May 21st, 2012
05:01 PM GMT
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Editor’s note: The Millennials are a generation that are constantly plugged in and moving fast to make their mark on the world. CNN’s Quest Means Business is tracking four of them. Here, CNN contributor and Millennial David Lloyd – who in this week's episode is in the running for an innovation award - asks if foreign entrepreneurs are friend or foe.

(CNN) – There is a new talent war and it is global. But the battle to attract foreign entrepreneurs has put the differences between some countries under the microscope.

In the U.S., PayPal founder Peter Thiel is backing the construction of a ship which will host foreign entrepreneurs off California’s coast. This will keep them beyond the reach of America’s draconian immigration stance towards foreign wealth-creators.

In Chile, by contrast, government program Start-up Chile awards $40,000 and residency visas to high-potential global start-ups. No equity is ceded and the only requirement is that one member of the team must live in Chile for six months. The start-up business is free to leave the country afterwards, but the reality is most stay on. They create jobs, mixing with local entrepreneurs, share ideas and propel economic growth.

My company Intern Latin America are just one of the many who have stayed and set up headquarters, inspired by the creative atmosphere and international exchange of ideas, against the backdrop of a welcoming government.

Meanwhile, the current stance of the U.S. leaves it at risk of losing out on top foreign talent. Facebook have just gone public at a valuation of more than $100 billion but its co-founder is Brazilian - talent knows no borders.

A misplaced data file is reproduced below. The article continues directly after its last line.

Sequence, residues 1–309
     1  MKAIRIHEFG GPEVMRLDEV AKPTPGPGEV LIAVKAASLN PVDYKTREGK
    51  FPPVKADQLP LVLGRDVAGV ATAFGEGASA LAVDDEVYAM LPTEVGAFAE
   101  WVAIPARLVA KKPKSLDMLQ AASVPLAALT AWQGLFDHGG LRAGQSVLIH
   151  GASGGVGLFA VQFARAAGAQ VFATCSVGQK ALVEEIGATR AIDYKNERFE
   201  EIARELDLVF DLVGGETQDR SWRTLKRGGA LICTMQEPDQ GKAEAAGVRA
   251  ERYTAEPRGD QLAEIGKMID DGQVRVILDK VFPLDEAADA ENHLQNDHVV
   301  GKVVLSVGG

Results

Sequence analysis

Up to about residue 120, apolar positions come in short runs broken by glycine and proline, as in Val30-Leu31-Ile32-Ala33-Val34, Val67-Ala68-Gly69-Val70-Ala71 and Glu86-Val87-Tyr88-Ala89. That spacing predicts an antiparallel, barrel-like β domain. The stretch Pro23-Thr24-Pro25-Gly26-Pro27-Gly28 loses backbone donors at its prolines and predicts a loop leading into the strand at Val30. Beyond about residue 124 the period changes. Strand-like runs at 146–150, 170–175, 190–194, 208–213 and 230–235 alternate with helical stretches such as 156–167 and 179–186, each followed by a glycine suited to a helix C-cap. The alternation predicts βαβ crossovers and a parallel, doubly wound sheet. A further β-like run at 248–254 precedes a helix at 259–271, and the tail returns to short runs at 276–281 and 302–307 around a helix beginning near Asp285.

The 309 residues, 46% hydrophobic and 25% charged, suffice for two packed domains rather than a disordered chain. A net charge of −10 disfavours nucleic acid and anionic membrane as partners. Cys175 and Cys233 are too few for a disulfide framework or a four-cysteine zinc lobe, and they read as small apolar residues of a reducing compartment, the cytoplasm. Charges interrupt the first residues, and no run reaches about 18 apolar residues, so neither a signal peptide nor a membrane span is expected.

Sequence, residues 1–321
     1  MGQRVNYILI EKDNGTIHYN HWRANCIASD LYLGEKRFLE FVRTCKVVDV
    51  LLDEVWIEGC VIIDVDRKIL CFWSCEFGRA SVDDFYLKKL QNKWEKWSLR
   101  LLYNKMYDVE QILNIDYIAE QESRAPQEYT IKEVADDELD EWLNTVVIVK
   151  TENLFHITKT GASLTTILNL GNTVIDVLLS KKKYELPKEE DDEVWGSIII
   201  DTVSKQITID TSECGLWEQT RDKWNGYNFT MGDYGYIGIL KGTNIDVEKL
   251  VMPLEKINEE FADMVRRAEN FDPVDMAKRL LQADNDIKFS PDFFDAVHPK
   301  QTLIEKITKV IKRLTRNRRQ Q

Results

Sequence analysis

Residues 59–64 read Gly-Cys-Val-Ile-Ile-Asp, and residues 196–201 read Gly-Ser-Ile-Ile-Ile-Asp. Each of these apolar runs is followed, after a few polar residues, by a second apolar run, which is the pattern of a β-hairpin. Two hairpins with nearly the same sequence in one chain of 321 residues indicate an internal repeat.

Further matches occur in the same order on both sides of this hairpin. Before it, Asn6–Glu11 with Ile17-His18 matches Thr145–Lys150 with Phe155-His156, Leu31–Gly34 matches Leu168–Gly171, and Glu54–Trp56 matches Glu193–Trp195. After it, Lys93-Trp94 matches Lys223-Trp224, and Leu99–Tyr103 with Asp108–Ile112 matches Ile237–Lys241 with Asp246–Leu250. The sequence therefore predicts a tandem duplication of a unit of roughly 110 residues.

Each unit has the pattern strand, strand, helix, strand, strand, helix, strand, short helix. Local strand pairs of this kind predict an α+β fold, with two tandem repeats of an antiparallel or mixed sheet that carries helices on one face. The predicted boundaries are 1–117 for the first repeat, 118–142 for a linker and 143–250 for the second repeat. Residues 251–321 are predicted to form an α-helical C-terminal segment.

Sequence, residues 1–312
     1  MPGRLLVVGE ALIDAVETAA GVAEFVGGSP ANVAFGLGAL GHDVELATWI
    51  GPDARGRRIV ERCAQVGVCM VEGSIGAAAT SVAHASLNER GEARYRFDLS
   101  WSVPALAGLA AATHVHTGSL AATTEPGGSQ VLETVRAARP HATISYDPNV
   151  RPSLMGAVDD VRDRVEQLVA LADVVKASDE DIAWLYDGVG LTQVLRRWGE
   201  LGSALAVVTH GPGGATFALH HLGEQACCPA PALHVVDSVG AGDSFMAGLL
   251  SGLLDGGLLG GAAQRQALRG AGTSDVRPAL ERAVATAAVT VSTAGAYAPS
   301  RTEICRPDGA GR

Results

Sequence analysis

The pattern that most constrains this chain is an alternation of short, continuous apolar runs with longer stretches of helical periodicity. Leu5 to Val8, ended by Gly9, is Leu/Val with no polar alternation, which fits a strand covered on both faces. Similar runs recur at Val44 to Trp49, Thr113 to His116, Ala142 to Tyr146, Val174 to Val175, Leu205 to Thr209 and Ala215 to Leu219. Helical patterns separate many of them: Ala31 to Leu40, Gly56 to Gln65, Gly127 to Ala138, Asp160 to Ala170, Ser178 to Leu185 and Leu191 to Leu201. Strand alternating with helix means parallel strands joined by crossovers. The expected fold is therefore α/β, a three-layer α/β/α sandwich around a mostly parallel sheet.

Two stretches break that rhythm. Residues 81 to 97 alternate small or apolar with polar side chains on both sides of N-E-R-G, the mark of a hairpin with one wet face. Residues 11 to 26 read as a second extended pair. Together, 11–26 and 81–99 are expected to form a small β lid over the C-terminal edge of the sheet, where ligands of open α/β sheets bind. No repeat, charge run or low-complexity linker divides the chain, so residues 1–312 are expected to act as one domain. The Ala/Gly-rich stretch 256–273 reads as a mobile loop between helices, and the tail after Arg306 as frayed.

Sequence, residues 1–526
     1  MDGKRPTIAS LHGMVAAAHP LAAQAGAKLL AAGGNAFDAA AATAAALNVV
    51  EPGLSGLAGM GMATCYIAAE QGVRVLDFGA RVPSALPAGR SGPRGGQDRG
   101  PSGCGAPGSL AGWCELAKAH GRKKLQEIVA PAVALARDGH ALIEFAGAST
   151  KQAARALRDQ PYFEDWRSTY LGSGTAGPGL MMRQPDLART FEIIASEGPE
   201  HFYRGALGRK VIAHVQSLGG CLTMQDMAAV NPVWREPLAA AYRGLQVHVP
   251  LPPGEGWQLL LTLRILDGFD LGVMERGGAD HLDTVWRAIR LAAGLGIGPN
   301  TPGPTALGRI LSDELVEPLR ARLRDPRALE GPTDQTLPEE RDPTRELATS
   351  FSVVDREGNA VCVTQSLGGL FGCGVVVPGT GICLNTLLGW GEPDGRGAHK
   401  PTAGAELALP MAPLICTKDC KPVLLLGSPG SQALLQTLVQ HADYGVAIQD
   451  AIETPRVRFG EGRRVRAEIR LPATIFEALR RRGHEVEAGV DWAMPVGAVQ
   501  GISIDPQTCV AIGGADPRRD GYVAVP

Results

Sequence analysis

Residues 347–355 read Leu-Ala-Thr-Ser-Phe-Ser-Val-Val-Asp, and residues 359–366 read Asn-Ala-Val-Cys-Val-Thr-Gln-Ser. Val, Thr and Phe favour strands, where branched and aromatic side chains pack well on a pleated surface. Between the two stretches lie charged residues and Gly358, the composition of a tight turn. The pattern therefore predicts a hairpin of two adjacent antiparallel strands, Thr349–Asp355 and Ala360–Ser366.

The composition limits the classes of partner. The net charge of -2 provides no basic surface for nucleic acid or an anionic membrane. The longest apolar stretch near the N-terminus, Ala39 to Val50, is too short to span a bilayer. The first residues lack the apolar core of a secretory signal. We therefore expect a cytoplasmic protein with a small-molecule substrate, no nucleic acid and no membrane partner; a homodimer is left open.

Economic growth, especially in the developed world, is under threat. Forward-thinking governments recognise that entrepreneurship is a key route to prosperity and growth.

Canada understands this, with its Immigration Minister Jason Kenney noting the country needs to “proactively target a new type of immigrant entrepreneur, who has the potential to build innovative companies that can compete on a global scale."

Meanwhile in the UK, the government constantly hails Google-supported Tech City in East London as evidence that Europe’s largest capital is to become a start-up utopia. In this spirit, Prime Minister David Cameron has repeatedly promised to lay out the “red carpet” for foreign entrepreneurs.

While Silicon Valley and increasing numbers within the U.S. political establishment support their own start-up visa initiatives, Congress in the world’s largest economy has so far failed to act, bogged down in gridlock.

Let’s cross our fingers that the U.S. can put into action the recent strides made in the right direction, and pass the legislation necessary to enable more talented migration to the land founded by immigrants.

With the global economy so dire, it could be just the catalyst and inspiration we all need.



soundoff (8 Responses)
  1. Ode To Capitalism

    Reblogged this on Ode To Capitalism.

    May 21, 2012 at 5:06 pm |
  2. Kyle H. Davis